A spinal corticosteroid injection is a needle injection in the back used to relieve pain or inflammation. Corticosteroids are injected into the epidural space around the spinal nerve roots of the cervical, thoracic, or lumbar portion of the spine, depending on the area that being treated.
Reasons for Procedure
The procedure is done to:
- Reduce pain caused by swelling and irritation around the spine and nerve roots
- Improve physical function for people with persistent low back pain with sciatica
Spinal injections are typically done when pain is not relieved by:
- Ice and heat therapies
- Physical therapy
- Back exercises
- Changes to the physical setup of the work environment
- Changes to physical activities, including work
- Spinal manipulation
Problems from the procedure are rare, but all procedures have some risk. Your doctor will review potential problems, like:
- Allergic reaction to the medication
- Nerve damage
Some factors that may increase the risk of complications include:
- Current infection
- Certain pre-existing medical conditions
- Treatment with blood thinners or certain other medications
- Poor health
What to Expect
Prior to Procedure
You may have the following done before the procedure:
- A brief physical exam
- Imaging studies to look for the location of possible causes of the pain, including:
Talk to your doctor about your medications. You may be asked to stop taking some medications up to one week before the procedure.
A local anesthetic and/or a sedative may be used. They may help to reduce pain and anxiety . You will be awake for the procedure.
Description of the Procedure
You will lie on your side on an x-ray table. The skin on your back will be washed with a sterile solution. A syringe containing corticosteroid medication and a local anesthetic will be injected through the skin and into a space near the spine. X-ray imaging will be used to guide the placement of the needle. Contrast material may also be injected to confirm that the needle is in the right place. The medication will be injected and the needle will be removed from your back. A small bandage may then be placed over the injection site.
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How Long Will It Take?
The procedure will take less than 1 hour. The entire visit takes about 2-3 hours.
Will It Hurt?
The injection of the local anesthetic may burn or sting for a few seconds. After that, you should not feel pain during the procedure.
- You will spend time in a recovery area where your recovery will be monitored.
- Because you were sedated during the procedure, you will need someone to drive you home.
Potential temporary side effects include:
- Brief period of increased pain
- Trouble sleeping
- Facial flushing
- Lightheadedness from low blood pressure
When you return home after the procedure, do the following to help ensure a smooth recovery:
- Rest on the day of the procedure.
- Apply ice packs for soreness at the injection site.
It will take a few days to a week for the medication to reduce the inflammation and pain. You should be able to resume your regular activities the day after the procedure. You should be able to start exercising within 1 week.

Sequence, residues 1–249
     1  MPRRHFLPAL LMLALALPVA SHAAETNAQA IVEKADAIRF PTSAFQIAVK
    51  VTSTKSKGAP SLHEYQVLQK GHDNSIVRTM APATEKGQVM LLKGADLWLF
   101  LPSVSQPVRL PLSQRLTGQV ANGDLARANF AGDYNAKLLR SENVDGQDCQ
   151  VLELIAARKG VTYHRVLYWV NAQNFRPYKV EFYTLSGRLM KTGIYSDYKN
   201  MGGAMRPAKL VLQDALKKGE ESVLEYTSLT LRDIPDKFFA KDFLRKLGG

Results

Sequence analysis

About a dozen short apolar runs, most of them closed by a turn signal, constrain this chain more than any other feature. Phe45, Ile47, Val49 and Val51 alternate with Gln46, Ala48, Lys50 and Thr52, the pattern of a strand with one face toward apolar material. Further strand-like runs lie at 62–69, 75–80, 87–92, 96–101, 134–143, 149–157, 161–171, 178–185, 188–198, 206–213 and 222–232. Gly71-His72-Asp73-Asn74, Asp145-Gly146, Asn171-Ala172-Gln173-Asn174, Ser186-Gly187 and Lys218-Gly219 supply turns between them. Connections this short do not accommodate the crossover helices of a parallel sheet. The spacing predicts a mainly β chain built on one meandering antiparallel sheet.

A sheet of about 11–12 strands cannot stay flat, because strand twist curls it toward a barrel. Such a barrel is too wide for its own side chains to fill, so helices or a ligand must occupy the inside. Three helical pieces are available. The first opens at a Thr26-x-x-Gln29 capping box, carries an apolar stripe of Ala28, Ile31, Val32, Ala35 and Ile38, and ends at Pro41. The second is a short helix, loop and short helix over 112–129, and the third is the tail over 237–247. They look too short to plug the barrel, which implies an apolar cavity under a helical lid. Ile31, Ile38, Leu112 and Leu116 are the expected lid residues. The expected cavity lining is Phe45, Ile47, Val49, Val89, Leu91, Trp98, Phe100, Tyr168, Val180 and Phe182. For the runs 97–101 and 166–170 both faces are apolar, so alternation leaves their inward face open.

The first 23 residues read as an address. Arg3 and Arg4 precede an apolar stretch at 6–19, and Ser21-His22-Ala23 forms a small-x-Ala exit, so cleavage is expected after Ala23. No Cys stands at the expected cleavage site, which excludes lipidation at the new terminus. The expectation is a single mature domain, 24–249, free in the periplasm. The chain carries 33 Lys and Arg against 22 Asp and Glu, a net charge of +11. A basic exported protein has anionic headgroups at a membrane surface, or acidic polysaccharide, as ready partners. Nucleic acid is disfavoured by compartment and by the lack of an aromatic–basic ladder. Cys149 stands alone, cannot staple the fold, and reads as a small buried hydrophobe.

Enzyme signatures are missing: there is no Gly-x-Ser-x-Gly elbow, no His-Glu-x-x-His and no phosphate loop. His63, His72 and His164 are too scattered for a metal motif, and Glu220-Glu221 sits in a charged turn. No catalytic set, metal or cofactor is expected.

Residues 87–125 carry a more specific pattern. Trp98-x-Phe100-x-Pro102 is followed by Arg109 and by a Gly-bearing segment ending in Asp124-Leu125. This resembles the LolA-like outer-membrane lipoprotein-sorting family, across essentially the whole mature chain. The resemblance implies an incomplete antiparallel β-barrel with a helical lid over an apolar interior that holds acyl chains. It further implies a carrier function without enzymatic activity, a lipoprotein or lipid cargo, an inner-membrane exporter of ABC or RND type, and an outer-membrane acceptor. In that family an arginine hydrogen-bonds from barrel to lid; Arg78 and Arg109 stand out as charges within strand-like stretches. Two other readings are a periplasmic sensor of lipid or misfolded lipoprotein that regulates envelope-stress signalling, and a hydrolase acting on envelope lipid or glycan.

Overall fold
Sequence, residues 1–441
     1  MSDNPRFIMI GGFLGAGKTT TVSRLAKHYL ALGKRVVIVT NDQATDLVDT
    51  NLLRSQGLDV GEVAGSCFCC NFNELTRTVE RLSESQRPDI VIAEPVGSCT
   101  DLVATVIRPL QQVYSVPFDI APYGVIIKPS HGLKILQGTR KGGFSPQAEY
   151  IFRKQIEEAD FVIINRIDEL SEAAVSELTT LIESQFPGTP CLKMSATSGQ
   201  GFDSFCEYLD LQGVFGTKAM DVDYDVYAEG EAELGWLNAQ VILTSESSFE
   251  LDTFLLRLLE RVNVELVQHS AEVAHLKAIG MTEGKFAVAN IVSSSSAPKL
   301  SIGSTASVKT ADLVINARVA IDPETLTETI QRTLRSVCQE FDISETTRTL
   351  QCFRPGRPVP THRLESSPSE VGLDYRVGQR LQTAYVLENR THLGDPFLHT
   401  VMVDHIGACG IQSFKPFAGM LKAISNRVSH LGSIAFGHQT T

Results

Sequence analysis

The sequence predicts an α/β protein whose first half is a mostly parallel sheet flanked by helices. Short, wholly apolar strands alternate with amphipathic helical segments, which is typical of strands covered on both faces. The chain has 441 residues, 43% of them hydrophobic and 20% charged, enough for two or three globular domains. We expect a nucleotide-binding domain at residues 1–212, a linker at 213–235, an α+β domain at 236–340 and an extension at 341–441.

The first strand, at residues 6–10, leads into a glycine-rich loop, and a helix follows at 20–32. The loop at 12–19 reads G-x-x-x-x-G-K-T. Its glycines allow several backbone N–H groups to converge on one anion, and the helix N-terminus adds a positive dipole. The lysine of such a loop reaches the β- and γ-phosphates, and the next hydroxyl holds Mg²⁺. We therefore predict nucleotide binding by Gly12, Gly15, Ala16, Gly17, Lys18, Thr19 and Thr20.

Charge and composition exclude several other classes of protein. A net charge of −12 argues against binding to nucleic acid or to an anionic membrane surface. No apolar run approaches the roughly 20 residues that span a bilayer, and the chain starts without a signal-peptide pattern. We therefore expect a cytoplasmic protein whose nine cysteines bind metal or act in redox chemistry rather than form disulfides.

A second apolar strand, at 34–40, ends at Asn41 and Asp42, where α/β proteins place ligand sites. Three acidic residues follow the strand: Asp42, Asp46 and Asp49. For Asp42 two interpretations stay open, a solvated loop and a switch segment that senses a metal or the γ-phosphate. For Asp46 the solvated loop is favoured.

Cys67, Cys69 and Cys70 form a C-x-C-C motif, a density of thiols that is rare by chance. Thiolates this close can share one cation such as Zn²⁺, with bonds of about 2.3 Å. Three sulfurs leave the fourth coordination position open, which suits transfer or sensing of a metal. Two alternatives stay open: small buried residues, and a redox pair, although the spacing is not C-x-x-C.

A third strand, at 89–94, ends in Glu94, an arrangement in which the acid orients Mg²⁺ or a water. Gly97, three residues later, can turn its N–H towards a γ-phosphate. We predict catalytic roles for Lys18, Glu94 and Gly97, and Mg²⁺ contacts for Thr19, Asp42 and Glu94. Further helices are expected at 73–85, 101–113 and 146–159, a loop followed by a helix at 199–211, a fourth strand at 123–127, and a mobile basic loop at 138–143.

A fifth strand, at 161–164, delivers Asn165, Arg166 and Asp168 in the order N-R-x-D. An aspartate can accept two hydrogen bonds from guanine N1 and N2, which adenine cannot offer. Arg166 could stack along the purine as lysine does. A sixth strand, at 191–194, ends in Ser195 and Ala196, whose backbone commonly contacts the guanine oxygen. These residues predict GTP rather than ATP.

Call Your Doctor If Any of the Following Occur
It is important to monitor your recovery. Alert your doctor to any problems. If any of the following occur, call your doctor:
- Severe pain
- Headache that worsens when you sit or stand and improves when you lie down
- Signs of infection, including fever and chills
- Redness, swelling, increasing pain, bleeding, or discharge from the injection site
- Shortness of breath, or chest pain
- Numbness, tingling, pain, or weakness, especially in the arms, hands, legs, or feet
- Changes in urine or bowel function
- Sudden increase in weight of more than 5 pounds
If you think you have an emergency, call for emergency medical services right away.
Know Your Back—North American Spine Society https://www.knowyourback.org
Ortho Info—American Academy of Orthopaedic Surgeons https://www.orthoinfo.org
Canadian Orthopaedic Association http://coa-aco.org
When it Hurts to Move—Canadian Orthopaedic Foundation http://whenithurtstomove.org
Boswell MV, Trescot AM, Sukdeb D, et al. Interventional techniques: evidence-based practice guidelines in the management of chronic spinal pain. Pain Physician. 2007;10(1):7-111.
Epidural steroid injection. EBSCO DynaMed Plus website. Available at: https://www.dynamed.com/topics/dmp~AN~T901362/Epidural-steroid-injection . Updated September 5, 2016. Accessed December 18, 2017.
Epidural steroid injections. Know Your Back—North American Spine Society website. Available at: https://www.spine.org/KnowYourBack/Treatments/InjectionTreatmentsforSpinalPain/EpiduralSteroidInjections.aspx. Accessed December 18, 2017.
Epidural steroid injections: Pros and cons. North Shore Pain Management website. Available at: https://nspaincare.com/blog-170925-epidural-steroid-injections.html. Accessed December 18, 2017.
Spine injection. Massachusetts General Hospital website. Available at: http://www.massgeneral.org/imaging/services/procedure.aspx?id=2268. Accessed December 18, 2017.
- Reviewer: EBSCO Medical Review Board Michael Woods, MD, FAAP
- Review Date: 11/2018
- Update Date: 11/01/2016